There is also a third group --those who are motivated by love, but who still have a good number of fears about a lot of things. They fear questions, and things that are different from what they know. They fear change, and long for the good old days of Christianity. They fear reading too deeply into the scriptures, because doing so might dismantle things they have held dear for a very long time. This last group of people are like the disciples before Jesus was crucified. They had gusto and passion, but sincerely could not read the world around them, despite their best efforts. They also had very small ideas about what Jesus was doing. As a result, they eventually became more concerned with self-preservation than with standing up for justice; that is, until Jesus rose from the dead and they realized what was really going on. That's when everything changed.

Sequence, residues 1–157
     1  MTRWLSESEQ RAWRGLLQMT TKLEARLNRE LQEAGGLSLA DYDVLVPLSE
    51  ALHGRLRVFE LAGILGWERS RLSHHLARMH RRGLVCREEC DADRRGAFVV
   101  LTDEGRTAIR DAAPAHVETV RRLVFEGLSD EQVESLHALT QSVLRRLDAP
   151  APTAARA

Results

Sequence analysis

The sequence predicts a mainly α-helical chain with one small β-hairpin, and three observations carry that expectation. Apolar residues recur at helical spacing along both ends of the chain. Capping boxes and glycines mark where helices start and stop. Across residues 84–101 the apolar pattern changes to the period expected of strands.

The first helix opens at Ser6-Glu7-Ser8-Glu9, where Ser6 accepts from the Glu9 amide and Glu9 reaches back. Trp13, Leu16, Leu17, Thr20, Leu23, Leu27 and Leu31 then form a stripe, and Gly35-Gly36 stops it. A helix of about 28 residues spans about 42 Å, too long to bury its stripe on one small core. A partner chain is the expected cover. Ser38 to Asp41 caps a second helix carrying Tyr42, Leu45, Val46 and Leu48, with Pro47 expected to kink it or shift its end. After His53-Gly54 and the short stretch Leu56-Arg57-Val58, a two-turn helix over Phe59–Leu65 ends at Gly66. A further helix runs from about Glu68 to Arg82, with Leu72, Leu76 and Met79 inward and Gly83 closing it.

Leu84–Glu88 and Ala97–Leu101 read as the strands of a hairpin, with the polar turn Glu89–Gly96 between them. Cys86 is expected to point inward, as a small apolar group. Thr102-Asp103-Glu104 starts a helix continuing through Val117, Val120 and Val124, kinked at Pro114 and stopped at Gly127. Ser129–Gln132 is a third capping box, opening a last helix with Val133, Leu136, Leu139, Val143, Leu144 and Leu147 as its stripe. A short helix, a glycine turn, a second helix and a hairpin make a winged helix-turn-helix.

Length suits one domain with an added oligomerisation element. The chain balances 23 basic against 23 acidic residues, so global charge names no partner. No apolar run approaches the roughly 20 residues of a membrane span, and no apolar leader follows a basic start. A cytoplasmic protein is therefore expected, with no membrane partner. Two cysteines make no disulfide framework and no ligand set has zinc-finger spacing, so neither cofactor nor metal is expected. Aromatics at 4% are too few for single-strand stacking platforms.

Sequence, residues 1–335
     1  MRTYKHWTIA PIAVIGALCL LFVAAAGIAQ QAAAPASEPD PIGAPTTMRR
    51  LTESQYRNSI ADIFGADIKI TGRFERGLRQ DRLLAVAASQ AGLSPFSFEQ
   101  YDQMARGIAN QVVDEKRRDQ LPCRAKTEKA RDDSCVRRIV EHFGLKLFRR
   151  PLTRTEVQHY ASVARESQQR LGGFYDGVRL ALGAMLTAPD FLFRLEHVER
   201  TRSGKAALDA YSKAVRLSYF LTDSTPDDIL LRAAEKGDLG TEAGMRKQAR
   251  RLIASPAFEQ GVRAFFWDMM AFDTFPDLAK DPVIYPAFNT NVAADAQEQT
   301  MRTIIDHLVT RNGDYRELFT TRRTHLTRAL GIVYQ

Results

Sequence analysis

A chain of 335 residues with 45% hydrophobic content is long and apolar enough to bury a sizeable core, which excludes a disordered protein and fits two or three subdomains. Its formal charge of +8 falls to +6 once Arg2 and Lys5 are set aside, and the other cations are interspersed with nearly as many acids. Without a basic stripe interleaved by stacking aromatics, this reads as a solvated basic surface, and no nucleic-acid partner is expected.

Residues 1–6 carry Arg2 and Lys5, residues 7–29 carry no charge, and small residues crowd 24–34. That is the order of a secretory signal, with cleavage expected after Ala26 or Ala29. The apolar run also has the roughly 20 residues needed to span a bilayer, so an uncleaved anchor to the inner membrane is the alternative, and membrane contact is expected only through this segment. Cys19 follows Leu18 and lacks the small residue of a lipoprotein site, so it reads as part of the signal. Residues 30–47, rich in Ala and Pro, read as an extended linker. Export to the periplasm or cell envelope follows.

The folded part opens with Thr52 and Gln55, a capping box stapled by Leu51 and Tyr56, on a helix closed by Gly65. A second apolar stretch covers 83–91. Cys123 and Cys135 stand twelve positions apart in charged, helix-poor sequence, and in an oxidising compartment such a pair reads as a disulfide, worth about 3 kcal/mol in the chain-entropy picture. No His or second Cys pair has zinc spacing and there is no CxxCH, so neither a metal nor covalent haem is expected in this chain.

We are all at times like the disciples or the pharisees - but our main Goal is, and always should be to be like Jesus. We are many, but we are also one. May we see that Jesus has risen, and is drawing all people to himself. May we be partners with God in this process, keeping up the hope that 'not one will be lost', even the face of an increasingly violent and sin-saturated world. And may we be humble, allowing God to cover our failures with his perfect love.